In this excerpt from the archives of my old Runners Digest Radio show in Boston, we go on-the-run with marathon legend Bill Rodgers, four-time Boston and New York City Marathon champion of the mid-to-late 1970s. During our run Bill talks about his transition from ex-college runner to resurrected marathon runner.
Bill Rodgers, 2:09:55 American Record, Boston 1975
In the aftermath of World War II many nations had to dig out of devastation, left with the psychic remains of shattered lives. My mother was one who saw her world destroyed, but was fortunate to find refuge in America, which sat alone and free. This gave her Baby Boom children the freedom to dedicate themselves to youthful ways well into their adult years. While the youth of today remain at home much longer , Boomers had the luxury to remain more infantile longer.
When I moved from St. Louis to Boston in August of 1973, I shared a two-bedroom, one bath apartment with three friends. We paid $160/month, $40 each. I had just left Washington University in St. Louis, a well-regarded liberty arts institution. In looking through some old papers in the attic of my parent’s house 40 years later I found a receipt for my final semester from the early 1970s, $1250.
Today, the same apartment that we paid $160 for in Boston is now $1525/month, while a semester at Wash. U. in St. Louis is $22,420 and rising.
Could this be why American kids in the 21st century seek less strident forms of release?
“No man working 40-hours a week will ever beat me in a marathon.” – Four-time Boston Marathon champion Bill Rodgers.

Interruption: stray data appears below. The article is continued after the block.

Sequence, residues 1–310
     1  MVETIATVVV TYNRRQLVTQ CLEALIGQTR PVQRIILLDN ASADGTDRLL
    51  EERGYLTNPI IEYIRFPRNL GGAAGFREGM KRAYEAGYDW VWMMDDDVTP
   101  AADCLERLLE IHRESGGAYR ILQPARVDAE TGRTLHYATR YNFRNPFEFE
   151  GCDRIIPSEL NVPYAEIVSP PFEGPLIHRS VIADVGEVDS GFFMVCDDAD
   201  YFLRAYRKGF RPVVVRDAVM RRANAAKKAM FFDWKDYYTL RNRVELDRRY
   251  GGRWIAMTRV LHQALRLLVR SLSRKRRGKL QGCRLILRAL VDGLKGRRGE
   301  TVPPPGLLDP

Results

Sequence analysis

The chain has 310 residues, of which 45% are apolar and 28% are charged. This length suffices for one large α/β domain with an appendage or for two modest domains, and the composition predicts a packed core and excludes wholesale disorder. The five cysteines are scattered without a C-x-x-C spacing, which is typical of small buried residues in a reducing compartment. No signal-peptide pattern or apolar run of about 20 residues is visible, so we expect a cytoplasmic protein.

After winning the 1975 Boston Marathon in an American record 2:09:55, Bill Rodgers returned to his job as a special education teacher. He’d been a conscientious objector during the Vietnam War, and carried a sense of societal responsibility common to his generation. But when his principal kept asking if it was really necessary that he train during his lunch break, Bill knew he had to choose. He followed the path to running history, winning three more Bostons, four New Yorks and a Fukuoka (Japan).
Today, the depth of distance running talent is far greater than in Rodger’s era, and to say the world’s top runners live all but monastic lives to prepare for their major competitions is being generous to monks. And yet, defending Boston Marathon champion Wesley Korir of Kenya has recently taken on a responsibility that would leave even the affable Mr. Rodgers shaking his head in disbelief. Continue reading →
Boston Billy after 1978 at the center of the whirlwind
Man isn’t just a pattern-seeking animal, he is a goal-setting beast. From breaking the four-minute mile to putting a man on the moon and returning him safely to earth, we have constantly striven to outdo our forefathers. Accordingly, we have seen the standards of excellence mount with an almost linear progression through the course of time.
Today, the marathon performances of the Running Boom champions seem almost quaint by today’s standards, as far from world class as the exploits of their own predecessors seemed during their time in the sun. At this year’s 117th Boston Marathon, five of its greatest champions from the Boom era will return to celebrate the anniversaries of their winning moments. Continue reading →